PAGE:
Winning at the Cambridge Town Council elections 1919 – becoming a councillor
Clara stood for election in the November 1919 elections with Mrs Stevenson – also the election where Florence Ada Keynes lost her council seat in Fitzwilliam ward. Florence would shortly be re-elected in Chesterton.
A year later, both Clara Rackham and Florence Ada Keynes were sworn in as magistrates, alongside Edith Bethune Baker. They became our city’s first women magistrates – described by W Henry Brown as “A trio of worthy women” in his history of the Cambridge Co-operative Society.
Legal rights for children and young people
Clara developed her legal interests, becoming a member of the new Magistrates’ Association (See p65 here), and became an activist calling for specialist judges to deal with the cases of children and juveniles in the 1920s & 1930s.
Cambridge County Councillor, and borough councillor for Red Romsey
Clara Rackham would go onto become an Alderman, and chair of the old Cambridge County Council (geographically smaller than the current Cambridgeshire County Council). The ward that she was elected to in 1928 – Romsey town, was known back then as ‘Red Romsey’ because of the political leanings of the residents and activists there. A part of Cambridge with a very strong local ‘town’ identity, you can even get your own clothing reflecting that political and civic history! It’s a shame that the old club was sold off by the local party many years ago, and is now being turned into a private nursery plus the inevitable student flats.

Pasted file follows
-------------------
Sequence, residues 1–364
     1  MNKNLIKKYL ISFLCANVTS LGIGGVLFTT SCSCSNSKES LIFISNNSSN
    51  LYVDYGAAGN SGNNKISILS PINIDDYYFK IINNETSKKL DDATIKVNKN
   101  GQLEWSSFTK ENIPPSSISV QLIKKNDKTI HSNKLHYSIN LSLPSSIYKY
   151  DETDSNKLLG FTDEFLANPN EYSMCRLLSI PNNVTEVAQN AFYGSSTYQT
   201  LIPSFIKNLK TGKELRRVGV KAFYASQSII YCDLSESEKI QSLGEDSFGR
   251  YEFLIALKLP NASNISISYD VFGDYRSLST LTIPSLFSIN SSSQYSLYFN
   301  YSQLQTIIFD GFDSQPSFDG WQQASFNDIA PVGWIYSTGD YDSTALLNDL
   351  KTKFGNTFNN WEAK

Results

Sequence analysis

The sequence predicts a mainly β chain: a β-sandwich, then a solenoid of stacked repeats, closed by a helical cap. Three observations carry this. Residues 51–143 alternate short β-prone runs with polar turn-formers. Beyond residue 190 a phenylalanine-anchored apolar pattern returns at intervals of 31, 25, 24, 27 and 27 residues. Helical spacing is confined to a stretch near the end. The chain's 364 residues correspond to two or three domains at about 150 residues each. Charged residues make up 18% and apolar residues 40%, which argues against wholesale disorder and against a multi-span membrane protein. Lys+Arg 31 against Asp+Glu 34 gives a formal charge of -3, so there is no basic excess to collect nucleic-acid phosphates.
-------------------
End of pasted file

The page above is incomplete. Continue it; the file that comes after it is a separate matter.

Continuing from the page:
Above – a tablet at Shire Hall listing the former chairs of the old Cambridge County Council. Note the presence of Lilian Mary Hart Clark – Mrs Mellish Clark, who was also on the board of the Cambridge Housing Society and also of the old Cambridge School of Arts/Cambs College of Art & Technology – today Anglia Ruskin University. Chair of the Governors for five years, the Mellish Clark building on their East Road campus is named after her.
There are some interesting lines in the Dictionary of Labour Biography about Clara’s later years. She would refrain from taking part in the pre-meeting prayers at Cambridge Borough Council, and also turned down the mayoralty of Cambridge on religious grounds. The Mayoralty of Cambridge has a number of civic responsibilities that go with the role, including a number of readings at church services that have been traditional for centuries – as the city council’s civic handbook describes. (That hasn’t stopped other devout atheists from taking up the role of Mayor of Cambridge).
The Museum of Cambridge would later pay tribute to Clara in their 2006 project on the women who shaped Cambridge.